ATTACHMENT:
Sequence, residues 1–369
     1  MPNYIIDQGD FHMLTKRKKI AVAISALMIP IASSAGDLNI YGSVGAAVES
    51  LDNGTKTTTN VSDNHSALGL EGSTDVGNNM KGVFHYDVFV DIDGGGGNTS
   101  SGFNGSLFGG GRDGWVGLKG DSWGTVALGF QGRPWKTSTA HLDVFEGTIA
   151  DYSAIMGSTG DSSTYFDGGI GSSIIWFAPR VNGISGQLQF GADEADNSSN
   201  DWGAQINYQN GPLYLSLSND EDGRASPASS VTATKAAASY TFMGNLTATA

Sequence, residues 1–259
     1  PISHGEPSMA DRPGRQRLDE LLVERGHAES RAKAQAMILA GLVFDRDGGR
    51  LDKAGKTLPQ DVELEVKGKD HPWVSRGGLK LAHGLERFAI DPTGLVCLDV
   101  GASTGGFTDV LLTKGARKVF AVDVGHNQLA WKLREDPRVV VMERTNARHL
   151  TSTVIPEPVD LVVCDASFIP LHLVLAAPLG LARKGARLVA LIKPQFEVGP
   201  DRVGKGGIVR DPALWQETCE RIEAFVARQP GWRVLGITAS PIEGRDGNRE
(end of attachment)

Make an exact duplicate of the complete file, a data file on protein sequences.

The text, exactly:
Sequence, residues 1–369
     1  MPNYIIDQGD FHMLTKRKKI AVAISALMIP IASSAGDLNI YGSVGAAVES
    51  LDNGTKTTTN VSDNHSALGL EGSTDVGNNM KGVFHYDVFV DIDGGGGNTS
   101  SGFNGSLFGG GRDGWVGLKG DSWGTVALGF QGRPWKTSTA HLDVFEGTIA
   151  DYSAIMGSTG DSSTYFDGGI GSSIIWFAPR VNGISGQLQF GADEADNSSN
   201  DWGAQINYQN GPLYLSLSND EDGRASPASS VTATKAAASY TFMGNLTATA

Sequence, residues 1–259
     1  PISHGEPSMA DRPGRQRLDE LLVERGHAES RAKAQAMILA GLVFDRDGGR
    51  LDKAGKTLPQ DVELEVKGKD HPWVSRGGLK LAHGLERFAI DPTGLVCLDV
   101  GASTGGFTDV LLTKGARKVF AVDVGHNQLA WKLREDPRVV VMERTNARHL
   151  TSTVIPEPVD LVVCDASFIP LHLVLAAPLG LARKGARLVA LIKPQFEVGP
   201  DRVGKGGIVR DPALWQETCE RIEAFVARQP GWRVLGITAS PIEGRDGNRE